Cattle found 'dying of thirst' on area property with absentee owner
The discovery of dead and starving cattle on a fenced-in, waterless piece of land in Navarro County has sparked an animal cruelty investigation by the sheriff's office.
Along with six head of severely malnourished cattle, the bodies of at least eight head of cattle, in varying stages of decomposition, were found on a rural property on NW County Road 0020 in Corsicana, officials said.
“Anytime you go on a premises and locate a number of animals and there are more animals deceased on the property than there are alive – then you’re dealing with a critical situation," said Sheriff Elmer Tanner.
"It doesn't take a rancher to realize there's some abuse taking place here."
Although there hasn't been a necropsy, Tanner said it was clear the animals were trapped without any water for “quite some time.”
“This situation, and these animals being deceased, is the fact that they were starved from water," said Tanner.
A concerned citizen tipped off the NCSO; a deputy responded Monday night and by Tuesday morning two investigators took over the case and had a search warrant.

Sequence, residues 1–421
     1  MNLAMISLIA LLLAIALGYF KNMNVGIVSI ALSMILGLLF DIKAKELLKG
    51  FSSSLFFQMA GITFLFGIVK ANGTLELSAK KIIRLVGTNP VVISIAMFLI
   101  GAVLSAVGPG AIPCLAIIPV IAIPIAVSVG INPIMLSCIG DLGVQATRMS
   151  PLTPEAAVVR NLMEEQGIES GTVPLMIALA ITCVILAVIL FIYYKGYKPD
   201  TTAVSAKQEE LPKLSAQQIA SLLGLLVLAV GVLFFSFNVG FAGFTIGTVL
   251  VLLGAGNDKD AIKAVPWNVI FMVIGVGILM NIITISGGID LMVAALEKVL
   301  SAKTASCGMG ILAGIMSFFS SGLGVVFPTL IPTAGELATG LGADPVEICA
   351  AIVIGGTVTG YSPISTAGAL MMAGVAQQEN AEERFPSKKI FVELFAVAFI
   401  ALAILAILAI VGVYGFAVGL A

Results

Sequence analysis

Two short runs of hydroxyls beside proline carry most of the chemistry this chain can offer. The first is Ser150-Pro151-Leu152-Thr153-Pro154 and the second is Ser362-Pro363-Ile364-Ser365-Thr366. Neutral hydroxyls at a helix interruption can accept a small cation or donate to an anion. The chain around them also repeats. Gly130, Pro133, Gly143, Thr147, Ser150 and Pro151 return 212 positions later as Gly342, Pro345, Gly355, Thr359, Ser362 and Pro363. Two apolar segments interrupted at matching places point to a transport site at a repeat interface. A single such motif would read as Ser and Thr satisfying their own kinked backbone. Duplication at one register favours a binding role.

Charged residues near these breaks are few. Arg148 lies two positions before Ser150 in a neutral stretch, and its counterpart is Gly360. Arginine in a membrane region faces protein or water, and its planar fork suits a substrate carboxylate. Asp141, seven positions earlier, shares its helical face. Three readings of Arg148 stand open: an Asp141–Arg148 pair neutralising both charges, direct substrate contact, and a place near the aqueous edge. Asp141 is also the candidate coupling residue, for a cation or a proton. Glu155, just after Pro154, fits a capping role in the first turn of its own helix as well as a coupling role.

"It's not a good situation when you place an animal behind an enclosure, a fence, and then deprive them of food or water, the very things they need to survive," said Tanner. "You could tell the cattle were very muddy where they'd attempted to get into a water source: a stock pond that had dried up."
Tanner said there were no other water sources available.
The six surviving cattle were seized and transported to a local veterinary clinic for emergency treatment; not only for being undernourished, but also for parasites and infections, said Tanner.
Within 48 hours, their conditions had drastically improved under the vet’s care.
“I’m very optimistic that those six animals have a reasonable chance of making it," said Tanner.
His department is now concentrating on finding the "absentee owner" who is believed to live out-of-town.
"Our immediate focus was to retrieve the animals and get them to emergency care as quickly as we could, and now we focus on the task of finding out who the actual owners are," he said.
Tanner said it’s the owner’s responsibility to dispose of the carcasses on the property.
NCSO will continue investigating the felony animal cruelty case with potential charges against the owner pending.
"We’re going to be very proactive about trying to investigate these cases, look for this type of activity in our county and do what we can to protect these animals," said Tanner.
A judge will determine where the surviving cattle will be placed at a hearing in the coming days.